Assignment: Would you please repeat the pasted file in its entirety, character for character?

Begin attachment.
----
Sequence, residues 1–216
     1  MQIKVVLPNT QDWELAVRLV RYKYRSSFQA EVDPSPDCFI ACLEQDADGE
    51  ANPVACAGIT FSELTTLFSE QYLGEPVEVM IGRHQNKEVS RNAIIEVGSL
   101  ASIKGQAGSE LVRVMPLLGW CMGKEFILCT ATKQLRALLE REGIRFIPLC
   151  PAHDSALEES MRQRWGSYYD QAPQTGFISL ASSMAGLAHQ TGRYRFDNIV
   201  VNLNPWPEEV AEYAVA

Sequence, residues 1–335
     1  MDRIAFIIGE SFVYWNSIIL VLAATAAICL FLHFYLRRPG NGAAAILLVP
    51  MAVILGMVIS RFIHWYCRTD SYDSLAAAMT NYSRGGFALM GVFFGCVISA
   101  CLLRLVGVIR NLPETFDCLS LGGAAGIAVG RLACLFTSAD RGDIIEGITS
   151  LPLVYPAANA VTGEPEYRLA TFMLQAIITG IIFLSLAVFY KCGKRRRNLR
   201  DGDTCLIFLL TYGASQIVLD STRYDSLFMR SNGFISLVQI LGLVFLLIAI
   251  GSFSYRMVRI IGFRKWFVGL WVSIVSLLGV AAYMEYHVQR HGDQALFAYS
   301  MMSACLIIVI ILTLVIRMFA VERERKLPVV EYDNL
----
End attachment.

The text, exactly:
Sequence, residues 1–216
     1  MQIKVVLPNT QDWELAVRLV RYKYRSSFQA EVDPSPDCFI ACLEQDADGE
    51  ANPVACAGIT FSELTTLFSE QYLGEPVEVM IGRHQNKEVS RNAIIEVGSL
   101  ASIKGQAGSE LVRVMPLLGW CMGKEFILCT ATKQLRALLE REGIRFIPLC
   151  PAHDSALEES MRQRWGSYYD QAPQTGFISL ASSMAGLAHQ TGRYRFDNIV
   201  VNLNPWPEEV AEYAVA

Sequence, residues 1–335
     1  MDRIAFIIGE SFVYWNSIIL VLAATAAICL FLHFYLRRPG NGAAAILLVP
    51  MAVILGMVIS RFIHWYCRTD SYDSLAAAMT NYSRGGFALM GVFFGCVISA
   101  CLLRLVGVIR NLPETFDCLS LGGAAGIAVG RLACLFTSAD RGDIIEGITS
   151  LPLVYPAANA VTGEPEYRLA TFMLQAIITG IIFLSLAVFY KCGKRRRNLR
   201  DGDTCLIFLL TYGASQIVLD STRYDSLFMR SNGFISLVQI LGLVFLLIAI
   251  GSFSYRMVRI IGFRKWFVGL WVSIVSLLGV AAYMEYHVQR HGDQALFAYS
   301  MMSACLIIVI ILTLVIRMFA VERERKLPVV EYDNL